The bad news? I slept in my car on Wednesday night. The good news is because I’d planned to, I’d had the car cleaned for the first time since 1996. When I picked the kids up from school they thought I’d bought a new car.
I slept in my car alongside dozens of others, by choice, in an event organised by WISHIN (Women’s Information, Support and Housing In The North) to raise awareness about the escalating rise in homeless women and the shameful lack of resources. Particularly for older single women with no history of mental illness or addiction. Women who have worked hard all their lives, often raised children and owned homes. Relationship breakdown plus shortage of affordable safe housing plus financial crisis and homelessness can be one rent payment away from sleeping rough. These women do not feel safe in much of the traditional emergency accommodation nor do they fit with the homeless due to mental illness or substance abuse. So many stay with friends or sleep in their car. Some with their children. In Australia. None of them ever expected to be homeless. These homeless women in the large part are invisible.
Homeless people are homeless for different reasons and have different needs and vulnerabilities. The current Government has put a huge injection of funds into homelessness. But it’s catch up money. And only a small portion of it. The Government needs to commit to ongoing funding so the people can do what they do and not have to spend all their time chasing money.
We gathered together people from welfare groups and compassionate others in the hall of an inner-city Melbourne church and spent the night eating pizza, drinking tea from paper cups and singing. We all wore hoodies that read EVERY WOMAN NEEDS A SAFE HOME EVERY NIGHT. The local MP Kelvin Thompson rocked up. He understood that? Homelessness arises from a cycle of disadvantage. There was a bit of a talkfest and eventually we all bedded down in our cars or the hall.
I tweeted the night. Call it micro-reporting. With the hashtag #wishinacar. Thousands of people on Twitter followed the night. Because if you don’t know what to do, do anything. And if you want to do something advocate, participate or donate.
It’s not rocket science. All it takes is homes to end homelessness. There’s a critical lack of services and awareness about women’s homelessness. These women are homeless through social and financial reasons. They are falling through the cracks. And there’s no welcome mat. No safe place for them. There is a new profile of homeless women who have different vulnerabilities and needs.
The report released on Tuesday about this issue “It Could Be You. Female, Single Older Homeless” found that women over 50 have 50 per cent less savings than men. Women get paid for half the working years of men. Women peak at half the income of men. Women age much poorer than men. There are no policies and no plans to meet the need of this rising wave of a different profile.
An interesting exchange between one of the professional women and one of the welfare workers that evening:
Welfare worker: “How much do you pay your cleaner?”
Professional: “$40 an hour.”
Welfare worker: “And you know what I make for putting people’s lives back together? $22 an hour.”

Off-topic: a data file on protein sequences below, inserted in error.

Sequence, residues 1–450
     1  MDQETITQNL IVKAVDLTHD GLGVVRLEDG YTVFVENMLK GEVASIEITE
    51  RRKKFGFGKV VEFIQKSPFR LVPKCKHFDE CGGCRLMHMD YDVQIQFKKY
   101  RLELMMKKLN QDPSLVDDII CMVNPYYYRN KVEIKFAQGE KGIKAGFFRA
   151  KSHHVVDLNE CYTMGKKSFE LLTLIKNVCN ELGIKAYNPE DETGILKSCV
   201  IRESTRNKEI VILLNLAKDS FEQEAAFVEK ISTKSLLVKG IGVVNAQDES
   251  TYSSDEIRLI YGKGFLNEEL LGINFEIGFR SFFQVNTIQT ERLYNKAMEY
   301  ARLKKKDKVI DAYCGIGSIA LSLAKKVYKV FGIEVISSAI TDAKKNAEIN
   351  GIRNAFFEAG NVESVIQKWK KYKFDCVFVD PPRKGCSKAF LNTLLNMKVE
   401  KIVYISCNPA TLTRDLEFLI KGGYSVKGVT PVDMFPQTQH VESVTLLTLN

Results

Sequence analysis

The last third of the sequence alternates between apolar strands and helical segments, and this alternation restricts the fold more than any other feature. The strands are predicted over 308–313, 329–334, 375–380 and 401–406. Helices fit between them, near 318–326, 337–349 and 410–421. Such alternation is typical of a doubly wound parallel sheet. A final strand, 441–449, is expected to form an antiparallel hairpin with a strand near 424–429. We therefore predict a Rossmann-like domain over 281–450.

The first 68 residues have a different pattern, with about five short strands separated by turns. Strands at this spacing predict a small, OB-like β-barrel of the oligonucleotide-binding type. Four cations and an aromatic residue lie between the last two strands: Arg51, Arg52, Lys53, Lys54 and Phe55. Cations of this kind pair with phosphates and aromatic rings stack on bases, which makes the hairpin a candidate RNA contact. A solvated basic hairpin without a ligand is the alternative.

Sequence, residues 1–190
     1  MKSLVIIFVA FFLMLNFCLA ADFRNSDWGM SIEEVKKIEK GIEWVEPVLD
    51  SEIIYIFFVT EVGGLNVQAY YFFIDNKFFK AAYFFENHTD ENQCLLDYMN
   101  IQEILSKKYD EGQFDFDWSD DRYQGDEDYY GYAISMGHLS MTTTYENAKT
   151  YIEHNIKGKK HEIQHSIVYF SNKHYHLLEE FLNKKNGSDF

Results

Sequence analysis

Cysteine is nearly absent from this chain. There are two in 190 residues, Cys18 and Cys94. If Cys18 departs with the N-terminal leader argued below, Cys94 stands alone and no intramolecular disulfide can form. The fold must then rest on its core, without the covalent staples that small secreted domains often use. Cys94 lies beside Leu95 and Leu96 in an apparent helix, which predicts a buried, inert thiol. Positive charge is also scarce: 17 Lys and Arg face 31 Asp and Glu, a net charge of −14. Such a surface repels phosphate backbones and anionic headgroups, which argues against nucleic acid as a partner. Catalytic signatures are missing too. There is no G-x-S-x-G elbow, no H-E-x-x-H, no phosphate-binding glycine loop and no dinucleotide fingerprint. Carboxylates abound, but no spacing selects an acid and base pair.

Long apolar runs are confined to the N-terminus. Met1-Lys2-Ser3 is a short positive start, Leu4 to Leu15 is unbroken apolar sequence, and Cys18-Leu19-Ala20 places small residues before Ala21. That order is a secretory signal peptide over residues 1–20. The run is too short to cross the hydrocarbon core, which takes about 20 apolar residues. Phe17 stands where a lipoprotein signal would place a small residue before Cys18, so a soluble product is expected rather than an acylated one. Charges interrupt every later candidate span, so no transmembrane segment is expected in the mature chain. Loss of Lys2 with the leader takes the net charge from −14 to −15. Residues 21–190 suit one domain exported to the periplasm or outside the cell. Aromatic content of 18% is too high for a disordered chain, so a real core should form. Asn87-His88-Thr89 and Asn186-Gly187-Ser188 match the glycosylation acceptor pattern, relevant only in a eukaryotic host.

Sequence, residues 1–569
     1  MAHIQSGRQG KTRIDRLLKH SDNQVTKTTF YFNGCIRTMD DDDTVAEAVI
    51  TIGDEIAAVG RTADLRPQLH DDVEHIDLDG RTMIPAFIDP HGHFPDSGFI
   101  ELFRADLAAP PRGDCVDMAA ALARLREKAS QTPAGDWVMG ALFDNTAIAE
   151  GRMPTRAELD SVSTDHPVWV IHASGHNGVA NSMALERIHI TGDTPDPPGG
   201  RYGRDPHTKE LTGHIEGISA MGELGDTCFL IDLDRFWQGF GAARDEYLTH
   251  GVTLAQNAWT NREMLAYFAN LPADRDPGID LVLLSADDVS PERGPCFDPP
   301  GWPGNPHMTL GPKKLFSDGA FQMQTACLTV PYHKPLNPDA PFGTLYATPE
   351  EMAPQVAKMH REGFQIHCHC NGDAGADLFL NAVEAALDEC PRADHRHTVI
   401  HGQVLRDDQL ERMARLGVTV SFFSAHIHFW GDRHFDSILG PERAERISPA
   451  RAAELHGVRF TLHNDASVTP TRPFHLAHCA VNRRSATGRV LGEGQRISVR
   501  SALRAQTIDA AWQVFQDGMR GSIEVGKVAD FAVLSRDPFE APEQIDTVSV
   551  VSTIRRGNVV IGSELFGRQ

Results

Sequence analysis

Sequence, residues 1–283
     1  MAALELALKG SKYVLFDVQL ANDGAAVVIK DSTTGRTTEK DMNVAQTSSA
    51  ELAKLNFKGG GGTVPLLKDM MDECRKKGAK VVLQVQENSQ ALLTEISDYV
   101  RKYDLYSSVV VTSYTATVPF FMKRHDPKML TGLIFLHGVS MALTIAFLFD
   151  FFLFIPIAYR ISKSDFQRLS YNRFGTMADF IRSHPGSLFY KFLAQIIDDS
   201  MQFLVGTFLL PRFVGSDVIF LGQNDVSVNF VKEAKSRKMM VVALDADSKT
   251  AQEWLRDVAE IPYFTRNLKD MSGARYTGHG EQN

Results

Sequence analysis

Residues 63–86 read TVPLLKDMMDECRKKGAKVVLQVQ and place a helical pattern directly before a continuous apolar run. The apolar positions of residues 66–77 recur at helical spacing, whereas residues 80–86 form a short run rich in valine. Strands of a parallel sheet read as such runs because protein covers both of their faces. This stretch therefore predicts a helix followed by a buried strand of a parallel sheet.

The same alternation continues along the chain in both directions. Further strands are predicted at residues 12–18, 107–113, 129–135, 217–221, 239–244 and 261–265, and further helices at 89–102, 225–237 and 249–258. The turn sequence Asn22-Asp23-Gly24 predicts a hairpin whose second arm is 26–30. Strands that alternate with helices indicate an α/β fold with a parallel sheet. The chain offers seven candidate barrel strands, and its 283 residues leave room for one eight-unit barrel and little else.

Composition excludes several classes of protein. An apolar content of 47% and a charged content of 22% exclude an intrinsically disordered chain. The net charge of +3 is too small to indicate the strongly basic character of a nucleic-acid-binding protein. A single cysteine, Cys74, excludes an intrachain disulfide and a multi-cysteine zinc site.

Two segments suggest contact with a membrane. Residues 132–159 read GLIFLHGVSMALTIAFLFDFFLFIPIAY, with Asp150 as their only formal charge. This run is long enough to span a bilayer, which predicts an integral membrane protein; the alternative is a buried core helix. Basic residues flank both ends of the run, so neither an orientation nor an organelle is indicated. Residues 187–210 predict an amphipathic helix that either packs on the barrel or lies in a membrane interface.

This welfare worker later shared with me that she knows she herself could be only a relationship breakdown and some bad luck away from being homeless. Discrimination against women and particularly single women had a lot to do with it.
When I was a little girl, our family lost our home. When I asked where would we live Mum said, “We may end up living in the car.” Then the car got repossessed. At the 11th hour we got allocated a commission house. Not whingeing. Just saying this is something that affects many people.
During the night I met Lisa, a woman who’s been homeless for the last few years sleeping and at times sleeping with her beautiful kids, who I also met in a car. A brave, articulate, more incredible woman as you’d ever meet. I couldn’t stop thinking, “Where’s her medal. Where are all their medals?”
When it was time to go to sleep, I hopped into the back seat of my little Toyota Corolla and for the first time wished I owned a four-wheel drive. It was cold and cramped and I thought, ‘This time last night I felt safe and loved and fell asleep by candlelight. Falling to sleep in my car on the side of the road I feel abandoned, discarded and exposed. Cold and alone.’ I couldn’t stop thinking about Lisa and her kids. And the other 105,000 people in Australia who sleep rough every night. Lisa never expected to be homeless??? No-one expects to be homeless. I was cold, miserable and uncomfortable all night. I woke feeling like rubbish. I slept like a question mark and as soon as I got up started googling numbers for a physio.
I was happy and grateful to be driving back to my place. I longed for my bed like a lover. I’m now laying my head down and pulling my blankets around me thinking ‘There’s no place like home. There’s no place like home.’ My wish in a car is for this time next year for at least five more women who would have been sleeping rough to be able to put their head down on a warm bed, in a safe house that they can afford and have the same experience. Because there’s no place like home, there’s no place like home.
Catherine Deveny is a Melbourne-based comedian, writer and mother of small boys. She no longer writes a column for The Age.